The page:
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Copycat US trucker convoy silenced on social media

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A group page organizing an upcoming trucker protest against vaccine mandates has been removed by Facebook in what the founder is calling “censorship at its finest.”

A group of US truckers calling themselves “Convoy to DC 2022” announced on their Facebook page on Sunday, January 30th that their “March to Freedom” convoy would roll out on March 1st in protest of vaccine mandates. At that time, approximately 94,500 people had joined the Facebook page that described itself as “part of many large groups who believe in our founding fathers. We believe everyone has a voice. We support our freedom. Help us spread the word about this group and together we all can make it a better place. God Bless America.” Now, Facebook has taken the page down, claiming that it was removed for QAnon activity. 

 “We have removed this group for repeatedly violating our policies around QAnon,” said a representative of Meta, the parent company of Facebook, according to Fox News.

Jeremy Johnson, the founder of the Facebook group and another popular trucking Facebook group “The Disrespected Trucker,” along with Brian Brase, a co-organizer of the event, say that the removal was unfounded. 

“I have to laugh about that. Can they contact me or something? Can we talk? That’s not true,” Brase said on Wednesday. “They actually had offered the administrators to remove content and then request to review again. They didn’t even give that option. They literally wiped Jeremy completely out of Facebook,” he said. “They don’t even have a profile anymore, so how are you supposed to request a review or remove anything? It’s simply not true.”

Brase and Johnson say they believe that this demonstration could “get very big” in spite of the Facebook page’s removal, and posts encouraging people to participate have been shared across other Facebook groups, Tik Tok, and even less mainstream social platforms such as Telegram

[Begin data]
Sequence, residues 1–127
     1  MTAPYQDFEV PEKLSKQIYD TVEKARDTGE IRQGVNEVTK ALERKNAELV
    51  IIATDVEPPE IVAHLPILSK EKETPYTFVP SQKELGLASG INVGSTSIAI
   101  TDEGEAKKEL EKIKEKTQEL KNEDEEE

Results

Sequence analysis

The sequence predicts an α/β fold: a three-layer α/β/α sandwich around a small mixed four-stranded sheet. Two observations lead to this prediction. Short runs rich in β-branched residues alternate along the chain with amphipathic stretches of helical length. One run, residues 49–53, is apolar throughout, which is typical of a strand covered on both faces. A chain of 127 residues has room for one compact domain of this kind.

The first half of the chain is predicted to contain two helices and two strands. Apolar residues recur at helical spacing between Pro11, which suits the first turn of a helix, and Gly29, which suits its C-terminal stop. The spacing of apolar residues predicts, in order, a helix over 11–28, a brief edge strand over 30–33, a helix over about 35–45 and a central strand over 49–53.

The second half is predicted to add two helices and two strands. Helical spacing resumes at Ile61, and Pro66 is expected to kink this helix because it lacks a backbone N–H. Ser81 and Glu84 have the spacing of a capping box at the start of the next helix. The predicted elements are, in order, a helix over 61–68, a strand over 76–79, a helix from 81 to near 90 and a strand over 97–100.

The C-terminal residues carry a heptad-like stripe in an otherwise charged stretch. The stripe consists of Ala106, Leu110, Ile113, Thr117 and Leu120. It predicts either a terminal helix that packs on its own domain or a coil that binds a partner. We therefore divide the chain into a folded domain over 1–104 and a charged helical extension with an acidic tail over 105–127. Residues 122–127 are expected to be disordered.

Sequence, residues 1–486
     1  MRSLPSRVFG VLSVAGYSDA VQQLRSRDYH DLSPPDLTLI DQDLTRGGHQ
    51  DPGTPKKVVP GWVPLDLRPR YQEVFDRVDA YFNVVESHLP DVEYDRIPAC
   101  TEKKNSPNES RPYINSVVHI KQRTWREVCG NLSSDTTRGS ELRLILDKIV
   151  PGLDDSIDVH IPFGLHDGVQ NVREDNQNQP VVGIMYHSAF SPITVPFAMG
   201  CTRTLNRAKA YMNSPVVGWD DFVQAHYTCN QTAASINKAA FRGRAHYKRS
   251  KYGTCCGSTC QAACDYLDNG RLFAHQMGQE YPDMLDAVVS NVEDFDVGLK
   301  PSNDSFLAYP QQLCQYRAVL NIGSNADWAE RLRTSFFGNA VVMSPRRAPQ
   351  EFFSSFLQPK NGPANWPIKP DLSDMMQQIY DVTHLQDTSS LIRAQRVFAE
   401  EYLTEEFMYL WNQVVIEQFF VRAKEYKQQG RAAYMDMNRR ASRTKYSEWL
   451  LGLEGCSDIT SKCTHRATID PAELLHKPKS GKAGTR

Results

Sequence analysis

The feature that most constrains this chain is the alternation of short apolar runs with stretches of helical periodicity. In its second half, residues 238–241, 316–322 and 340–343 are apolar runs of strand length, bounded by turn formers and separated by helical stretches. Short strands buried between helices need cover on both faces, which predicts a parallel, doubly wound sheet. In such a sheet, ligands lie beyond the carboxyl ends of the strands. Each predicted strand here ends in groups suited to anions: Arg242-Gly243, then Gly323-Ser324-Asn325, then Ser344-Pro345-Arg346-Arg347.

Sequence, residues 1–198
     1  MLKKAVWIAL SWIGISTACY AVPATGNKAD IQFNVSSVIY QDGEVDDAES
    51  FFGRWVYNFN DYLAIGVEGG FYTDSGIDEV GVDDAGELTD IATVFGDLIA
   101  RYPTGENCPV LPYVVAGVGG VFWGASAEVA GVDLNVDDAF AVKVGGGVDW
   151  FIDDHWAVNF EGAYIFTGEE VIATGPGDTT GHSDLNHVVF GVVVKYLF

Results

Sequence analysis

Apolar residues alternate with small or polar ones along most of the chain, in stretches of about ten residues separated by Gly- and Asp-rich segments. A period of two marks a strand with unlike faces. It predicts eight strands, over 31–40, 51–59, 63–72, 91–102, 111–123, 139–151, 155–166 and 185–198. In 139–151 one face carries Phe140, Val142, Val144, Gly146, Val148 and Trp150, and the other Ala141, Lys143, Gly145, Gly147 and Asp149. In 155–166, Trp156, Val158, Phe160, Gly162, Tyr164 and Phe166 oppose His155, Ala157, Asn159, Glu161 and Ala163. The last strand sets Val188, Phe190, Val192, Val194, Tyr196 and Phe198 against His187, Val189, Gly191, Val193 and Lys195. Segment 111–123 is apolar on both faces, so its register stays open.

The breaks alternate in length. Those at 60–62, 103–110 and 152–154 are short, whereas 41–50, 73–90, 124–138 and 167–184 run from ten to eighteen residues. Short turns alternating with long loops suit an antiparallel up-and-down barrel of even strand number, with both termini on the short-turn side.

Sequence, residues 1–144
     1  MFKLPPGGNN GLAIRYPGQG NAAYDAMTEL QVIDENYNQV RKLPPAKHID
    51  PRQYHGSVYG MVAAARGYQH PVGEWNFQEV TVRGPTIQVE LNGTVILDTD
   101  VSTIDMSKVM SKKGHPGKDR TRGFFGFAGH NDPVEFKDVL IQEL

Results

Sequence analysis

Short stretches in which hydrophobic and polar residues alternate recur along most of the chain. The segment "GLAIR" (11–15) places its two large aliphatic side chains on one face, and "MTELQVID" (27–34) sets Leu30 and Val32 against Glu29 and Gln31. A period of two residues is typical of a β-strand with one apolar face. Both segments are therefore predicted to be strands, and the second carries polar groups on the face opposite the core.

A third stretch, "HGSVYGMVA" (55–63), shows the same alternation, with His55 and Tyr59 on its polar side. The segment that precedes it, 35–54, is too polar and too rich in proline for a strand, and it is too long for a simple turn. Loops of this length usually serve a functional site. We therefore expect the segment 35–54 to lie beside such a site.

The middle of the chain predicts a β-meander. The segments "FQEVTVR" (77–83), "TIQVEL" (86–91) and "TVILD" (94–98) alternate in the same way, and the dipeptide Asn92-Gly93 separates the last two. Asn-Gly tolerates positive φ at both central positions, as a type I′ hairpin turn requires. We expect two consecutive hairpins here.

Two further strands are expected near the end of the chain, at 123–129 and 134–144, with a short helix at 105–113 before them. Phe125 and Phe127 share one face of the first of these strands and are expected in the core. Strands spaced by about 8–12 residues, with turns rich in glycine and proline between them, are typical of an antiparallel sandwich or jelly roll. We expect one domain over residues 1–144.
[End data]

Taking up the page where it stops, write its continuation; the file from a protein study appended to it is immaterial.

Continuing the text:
The peaceful slow-roll from California to Washington D.C. is planned for March 1st, but Johnson says that “it could start earlier than that. We have a lot of people getting in touch with us and they’re interested in being involved in this. And it’s not truckers, it’s everyday American people. Multicultural – a wide range of people. This is going to get very big in my opinion. I think the government needs to take a look at what the American people want, and they don’t want mandates.”

“The bottom line is, no mater who tries to spin it, the facts remain that this crosses all genders, all races, all sexual orientations, all occupations. Truckers might be standing up, but it’s not about the truckers, it’s about our constitutional rights, it’s about our human rights,” Brase said of the upcoming demonstration. 

“This is on a global scale, this violation of our human rights. This is peaceful, this is crossing both aisles, this is not… I don’t know quite how to express what I’m saying here other than there is no intention of any ill will, there is nothing but respect that is expected out of the attendees and out of ourselves as organizers,” he continued.

“We’ve been contacting the stops along the route, getting permission to stop in these locations and working with these people. These locations appreciate it so much that some of them are even offering fuel at cost. So that should tell you how America feels about it and where we stand about the mandates.”

Johnson has since contacted a civil rights attorney to discuss next steps following the Facebook page’s removal, and plans for the convoy are still circulating the internet.

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